How to Read (A lot of) Books

I found a helpful blog post by Matthew Cornell on how to read a lot of books in a short period of time. Students and scholars alike always need to be reading a lot of books. A book that has been helpful to me is How to Read a Book by Mortimer Adler. It’s a classic, but it is more about reading in general than it is about reading fast. It will help you read faster, but more importantly, it will help you read better. Adler understands and explains the purpose of reading and how to go about it in the most productive way. As far as quick reading, I have looked through The Complete Idiots’ Guide to Speed Reading by Abby Marks Beale and Pam Mullen. This book pulls together a lot of advice from   many different speed reading approaches and techniques. It’s kind of a buffet of techniques rather than a particular approach.

The principles that have been helpful to me are:

  • Set apart a large block of time for reading.
  • Avoid all distractions. (Usually this means going to a place for reading, like a coffee shop or library, where you are less likely to be distracted than in whatever normal place you have like your living room or office.)
  • Stop sub-vocalizing! (Most people sub-vocalize words as they read them, because they learned to read by speaking. Once you overcome this problem–by humming, breathing, or just not doing it–your reading speed will increase.)
  • Use a card to guide your eye. (This technique involves using an index card to lead your eye down the page more quickly than it would go by itself. I don’t do this all the time, but sometimes.)
  • Don’t read every word and skip some stuff.
  • Read in a brightly lit environment, the brighter the better.
  • Interest yourself in your author’s ideas. (That means you have to “get” what the author is talking about so that your mind can ride on the track which he has laid down. If you don’t get the story he’s trying to tell you’ll find yourself lost and hopelessly uninterested.)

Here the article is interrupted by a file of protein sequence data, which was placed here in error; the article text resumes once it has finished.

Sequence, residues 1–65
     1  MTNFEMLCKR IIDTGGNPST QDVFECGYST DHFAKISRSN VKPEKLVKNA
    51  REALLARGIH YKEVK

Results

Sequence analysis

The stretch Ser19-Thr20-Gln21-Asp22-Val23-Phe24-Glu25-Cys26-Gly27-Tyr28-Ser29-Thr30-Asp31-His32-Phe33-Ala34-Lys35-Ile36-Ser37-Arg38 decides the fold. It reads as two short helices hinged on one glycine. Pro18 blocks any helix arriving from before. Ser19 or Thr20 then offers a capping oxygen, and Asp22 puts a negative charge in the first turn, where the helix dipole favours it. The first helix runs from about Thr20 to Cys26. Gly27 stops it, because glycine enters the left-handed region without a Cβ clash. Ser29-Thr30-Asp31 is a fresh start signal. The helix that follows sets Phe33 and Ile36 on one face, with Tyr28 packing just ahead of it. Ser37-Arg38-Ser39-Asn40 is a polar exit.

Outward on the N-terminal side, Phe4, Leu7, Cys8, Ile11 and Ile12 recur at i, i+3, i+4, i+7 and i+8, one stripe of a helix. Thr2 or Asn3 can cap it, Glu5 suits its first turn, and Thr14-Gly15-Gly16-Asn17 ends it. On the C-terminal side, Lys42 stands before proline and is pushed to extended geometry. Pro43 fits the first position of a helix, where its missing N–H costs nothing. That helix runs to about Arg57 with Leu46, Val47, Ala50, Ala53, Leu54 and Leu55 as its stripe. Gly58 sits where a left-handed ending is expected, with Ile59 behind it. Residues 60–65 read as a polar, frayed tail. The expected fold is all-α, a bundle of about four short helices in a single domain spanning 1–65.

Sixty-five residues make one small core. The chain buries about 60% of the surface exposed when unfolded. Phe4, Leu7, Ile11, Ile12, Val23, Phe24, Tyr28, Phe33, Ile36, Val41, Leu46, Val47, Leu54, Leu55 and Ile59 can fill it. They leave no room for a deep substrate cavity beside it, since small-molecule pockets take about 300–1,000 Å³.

Speed reading is kind of like swinging a golf club. There’s a whole lot of techniques and things to remember and you can only utilize so much them at any given time. But with some effort, anyone one who can read can read faster.

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2 thoughts on “How to Read (A lot of) Books

  1. Max Weismann

    We are a not-for-profit educational organization, founded by Mortimer Adler and we have recently made an exciting discovery–three years after writing the wonderfully expanded third edition of How to Read a Book, Mortimer Adler and Charles Van Doren made a series of thirteen 14-minute videos–lively discussing the art of reading. The videos were produced by Encyclopaedia Britannica. For reasons unknown, sometime after their original publication, these videos were lost.

    Three hours with Mortimer Adler and Charles Van Doren, lively discussing the art of reading, on one DVD. A must for libraries and classroom teaching the art of reading.

    I cannot exaggerate how instructive these programs are–we are so sure that you will agree, if you are not completely satisfied, we will refund your donation.

    Please go here to see a clip and learn more:

    http://www.thegreatideas.org/HowToReadABook.htm

    ISBN: 978-1-61535-311-8

    Thank you,

    Max Weismann

  2. catholicbiblestudent Post author

    Thanks, Max! In fact, I have seen your re-publication of these videos and they really do add color to the How to Read a Book program. I enjoyed them and I hope that others interested in the art of reading will watch them.

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